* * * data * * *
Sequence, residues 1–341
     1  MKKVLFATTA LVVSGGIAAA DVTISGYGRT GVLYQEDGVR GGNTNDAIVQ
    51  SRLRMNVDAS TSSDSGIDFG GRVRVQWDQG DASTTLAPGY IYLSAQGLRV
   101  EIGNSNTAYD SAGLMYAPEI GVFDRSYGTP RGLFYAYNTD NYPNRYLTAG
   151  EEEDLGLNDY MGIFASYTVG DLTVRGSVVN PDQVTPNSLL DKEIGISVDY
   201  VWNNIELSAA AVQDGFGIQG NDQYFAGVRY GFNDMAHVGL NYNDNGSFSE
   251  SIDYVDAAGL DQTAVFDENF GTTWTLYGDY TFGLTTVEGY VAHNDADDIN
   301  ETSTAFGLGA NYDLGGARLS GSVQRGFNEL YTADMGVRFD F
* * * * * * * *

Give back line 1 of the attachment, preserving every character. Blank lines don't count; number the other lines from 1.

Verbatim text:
Sequence, residues 1–341